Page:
Music as a commodity exploded during the 1920’s when major record labels began to be established. Under standard contract terms, music labels tend to control most aspects of an artist’s career. This includes licensing, accounting, promotion, merchandise, touring, branding, and distribution. By giving up such control, an artist’s creativity is stifled and they lose the autonomy they need to thrive. In recent years, intermediaries such as streaming services are also being used to distribute music. These middlemen take revenue away from the artists, distance the relationship between artists and listener, and sometimes leaves collaborators unpaid. For example, in 2018, Wixen Music Publishing sued Spotify for $1.6 Billion for copyright infringement and failure to compensate (Pham, Money.cnn.com). This lawsuit is one of many that Digital Service Providers (DSPs) face on an annual basis. Rights to songs are constantly being bought and sold but the records of these transactions are stored on private databases. This leaves DSPs running after publishers and labels trying to figure out who owns the rights to a song because they simply do not know who to pay. The music industry generated nearly $43 billion in 2017 and yet the artists only received 12% of that revenue (Bazinet, 61). These content creators are the first to put in work and yet the last to see any revenue. They are given little information on how the royalties are calculated and do not have full access to aggregated data regarding their music. Using emerging technologies such as blockchain and smart contracts, we can reconstruct the music industry.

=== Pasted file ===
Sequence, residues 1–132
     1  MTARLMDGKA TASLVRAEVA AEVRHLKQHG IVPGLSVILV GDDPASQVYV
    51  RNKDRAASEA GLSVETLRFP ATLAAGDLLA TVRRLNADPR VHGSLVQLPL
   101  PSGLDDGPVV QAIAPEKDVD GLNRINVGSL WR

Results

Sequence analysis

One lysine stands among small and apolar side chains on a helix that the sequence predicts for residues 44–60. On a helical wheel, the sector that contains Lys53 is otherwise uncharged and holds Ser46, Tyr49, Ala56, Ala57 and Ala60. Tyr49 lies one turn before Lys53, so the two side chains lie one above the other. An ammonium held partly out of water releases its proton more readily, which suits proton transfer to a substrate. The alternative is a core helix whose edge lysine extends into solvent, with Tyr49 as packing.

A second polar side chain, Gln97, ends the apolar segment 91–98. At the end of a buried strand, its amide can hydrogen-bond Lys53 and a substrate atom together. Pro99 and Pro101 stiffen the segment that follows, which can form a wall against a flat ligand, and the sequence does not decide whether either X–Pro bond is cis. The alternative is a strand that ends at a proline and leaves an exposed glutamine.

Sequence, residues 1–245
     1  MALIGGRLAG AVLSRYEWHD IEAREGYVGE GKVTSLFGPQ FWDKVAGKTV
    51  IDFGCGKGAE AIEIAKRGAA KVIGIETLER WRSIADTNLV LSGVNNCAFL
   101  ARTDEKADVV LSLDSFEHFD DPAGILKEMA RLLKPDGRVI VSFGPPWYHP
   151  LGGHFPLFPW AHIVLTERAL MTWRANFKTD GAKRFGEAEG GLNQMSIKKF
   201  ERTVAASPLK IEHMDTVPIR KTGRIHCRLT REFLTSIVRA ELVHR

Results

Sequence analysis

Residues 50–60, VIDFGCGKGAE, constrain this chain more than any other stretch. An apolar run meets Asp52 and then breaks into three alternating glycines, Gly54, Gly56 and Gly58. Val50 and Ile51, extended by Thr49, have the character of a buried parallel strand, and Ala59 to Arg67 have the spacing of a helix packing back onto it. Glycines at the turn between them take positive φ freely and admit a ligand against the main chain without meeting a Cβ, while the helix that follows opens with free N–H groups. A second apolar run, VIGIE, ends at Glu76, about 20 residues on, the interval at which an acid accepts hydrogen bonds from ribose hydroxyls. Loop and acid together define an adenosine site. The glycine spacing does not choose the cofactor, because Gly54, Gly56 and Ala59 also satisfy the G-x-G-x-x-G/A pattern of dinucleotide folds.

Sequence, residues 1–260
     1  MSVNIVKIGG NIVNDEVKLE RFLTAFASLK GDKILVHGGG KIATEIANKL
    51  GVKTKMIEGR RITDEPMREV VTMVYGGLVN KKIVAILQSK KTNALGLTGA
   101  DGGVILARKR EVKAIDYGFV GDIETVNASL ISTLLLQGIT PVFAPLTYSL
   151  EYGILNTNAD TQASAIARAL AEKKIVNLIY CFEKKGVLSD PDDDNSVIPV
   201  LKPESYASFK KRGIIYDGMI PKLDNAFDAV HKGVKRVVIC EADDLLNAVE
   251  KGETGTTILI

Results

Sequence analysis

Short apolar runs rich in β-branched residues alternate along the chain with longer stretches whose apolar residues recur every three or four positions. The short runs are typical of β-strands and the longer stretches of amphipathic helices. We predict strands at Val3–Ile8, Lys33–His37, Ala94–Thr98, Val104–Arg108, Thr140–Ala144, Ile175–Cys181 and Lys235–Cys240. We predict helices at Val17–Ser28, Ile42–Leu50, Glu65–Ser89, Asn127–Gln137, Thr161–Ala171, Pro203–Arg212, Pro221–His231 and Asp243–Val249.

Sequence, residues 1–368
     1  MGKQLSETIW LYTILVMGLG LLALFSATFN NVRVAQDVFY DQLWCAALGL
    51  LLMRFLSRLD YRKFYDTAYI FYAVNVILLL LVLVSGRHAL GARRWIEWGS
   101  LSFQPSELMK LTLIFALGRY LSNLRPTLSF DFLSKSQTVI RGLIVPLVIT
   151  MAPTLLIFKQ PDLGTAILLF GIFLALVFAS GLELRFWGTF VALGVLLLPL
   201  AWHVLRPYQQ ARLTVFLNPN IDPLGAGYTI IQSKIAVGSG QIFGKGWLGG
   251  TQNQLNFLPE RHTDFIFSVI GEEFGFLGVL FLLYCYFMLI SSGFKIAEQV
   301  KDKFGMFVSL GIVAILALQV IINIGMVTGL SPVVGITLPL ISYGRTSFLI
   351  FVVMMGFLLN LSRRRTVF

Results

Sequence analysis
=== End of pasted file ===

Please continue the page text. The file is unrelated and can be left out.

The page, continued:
Many have heard of the famous cryptocurrency named Bitcoin, but many have not heard of blockchain. Blockchain is the underlying technology that allows Bitcoin to function as a decentralized currency. Imagine blockchain as a shared database. Unlike the Cloud, where Google or Apple control all the data, a public blockchain is not controlled by a central authority. Instead, anyone connected to the internet can take part in storing the data. Because it is not controlled by one party, theoretically, a blockchain cannot be shut down, hacked, and most importantly, the data cannot be altered again. Cryptocurrencies are one tiny possibility of the power of blockchain.
Just as the name sounds, blockchain is literally a connected chain of blocks where only one block at a time can be added to the “database.” The blocks consist of three entities: hash, hash of the previous block, and data (Nakamoto, 2). Imagine a hash as a unique code or fingerprint that identifies that specific block of data. Every single block also includes the hash (fingerprint) of the previous block. Each block referring to the previous block’s hash creates a “chain,” this is what is meant by the term “blockchain.” This “chain” also serves as means of security; if one were to alter the data in a block, the hash would automatically change. If a hash changes, it would invalidate the block of data working as a detection mechanism.